Hopping over the tracks to avoid the high-voltage third rails, he reached an "unconscious, lifeless" man. "I put him on my shoulder like a fireman," says Kalimuthu, 46. Two bystanders helped pull the man onto the platform five feet above. "I kept screaming, 'Guys, you have to get him up.'" Notes Ed DiJoseph, a Columbia official who witnessed his actions: "Everyone was nervous. You don't know when a train might come."
Mission accomplished, Kalimuthu scooted back across the tracks. Trains roared into the station a minute later, and he boarded one for home in Queens, N.Y. Later, over dinner of leftover red snapper in curry sauce, he told his wife, Samita, "Guess what? I saved a guy today." She said, "Yeah, right!" (The victim, treated at a local hospital for fractured vertebrae, rib and coccyx, identified himself as Daniel Crilley, a 46-year-old recovering alcoholic on his way to a detox session. "I felt bad that I couldn't say thank you," he tells PEOPLE. "The man risked his life.") And while his bosses at Columbia plan to honor him with a plaque for his bravery, Kalimuthu, a Guyanese immigrant, says, "I'm just happy I got the job done." Even with a sore shoulder after the rescue. "I put some Ben-Gay on it, so it's okay," he says with a laugh. "It felt nice to save this guy."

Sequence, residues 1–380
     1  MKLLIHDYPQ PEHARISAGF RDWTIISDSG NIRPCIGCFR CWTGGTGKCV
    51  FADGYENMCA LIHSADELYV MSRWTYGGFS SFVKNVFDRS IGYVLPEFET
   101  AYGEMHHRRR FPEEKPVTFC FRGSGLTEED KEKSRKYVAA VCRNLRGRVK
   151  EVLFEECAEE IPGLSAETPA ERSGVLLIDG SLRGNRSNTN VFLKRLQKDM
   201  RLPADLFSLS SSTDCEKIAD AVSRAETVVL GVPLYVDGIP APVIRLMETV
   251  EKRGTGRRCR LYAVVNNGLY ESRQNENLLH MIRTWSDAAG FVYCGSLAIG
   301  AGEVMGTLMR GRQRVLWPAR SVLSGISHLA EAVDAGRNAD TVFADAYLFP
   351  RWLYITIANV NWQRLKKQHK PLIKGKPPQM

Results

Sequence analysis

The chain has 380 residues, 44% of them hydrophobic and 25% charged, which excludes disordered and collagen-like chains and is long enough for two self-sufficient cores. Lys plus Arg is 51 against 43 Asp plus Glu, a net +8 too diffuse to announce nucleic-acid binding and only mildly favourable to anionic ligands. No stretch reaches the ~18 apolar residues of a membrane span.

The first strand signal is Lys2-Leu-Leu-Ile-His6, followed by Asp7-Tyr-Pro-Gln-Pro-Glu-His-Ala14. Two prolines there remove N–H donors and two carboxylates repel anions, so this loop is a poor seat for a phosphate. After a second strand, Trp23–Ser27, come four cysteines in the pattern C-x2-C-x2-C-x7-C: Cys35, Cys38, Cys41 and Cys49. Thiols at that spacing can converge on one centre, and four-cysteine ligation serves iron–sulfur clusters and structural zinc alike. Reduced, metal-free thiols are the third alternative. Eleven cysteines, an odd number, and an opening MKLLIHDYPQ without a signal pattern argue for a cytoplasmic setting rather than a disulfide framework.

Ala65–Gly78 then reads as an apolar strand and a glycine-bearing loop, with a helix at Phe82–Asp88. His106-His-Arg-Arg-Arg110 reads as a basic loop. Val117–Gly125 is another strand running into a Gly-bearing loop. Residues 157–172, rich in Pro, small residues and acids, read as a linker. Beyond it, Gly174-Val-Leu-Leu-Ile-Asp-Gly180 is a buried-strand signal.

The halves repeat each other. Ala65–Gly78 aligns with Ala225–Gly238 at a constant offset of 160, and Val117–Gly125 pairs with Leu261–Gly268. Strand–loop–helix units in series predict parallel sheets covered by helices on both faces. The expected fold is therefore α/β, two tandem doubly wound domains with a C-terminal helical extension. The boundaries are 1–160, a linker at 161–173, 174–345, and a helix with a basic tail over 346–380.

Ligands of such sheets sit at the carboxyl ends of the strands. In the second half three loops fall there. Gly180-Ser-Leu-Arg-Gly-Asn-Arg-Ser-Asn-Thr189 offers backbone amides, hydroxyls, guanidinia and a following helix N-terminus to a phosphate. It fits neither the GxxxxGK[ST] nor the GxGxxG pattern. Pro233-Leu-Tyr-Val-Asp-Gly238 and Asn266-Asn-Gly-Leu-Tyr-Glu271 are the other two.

Veeramuthu Kalimuthu heard screams as he waited for his subway ride home from Columbia University March 14, then spotted a man lying face down across the tracks. That is when the school mechanic turned into a superhero. "I put down my bag and jumped," he recalls. "I didn't think about anything. I didn't even think about my family. I just wanted to get him to safety."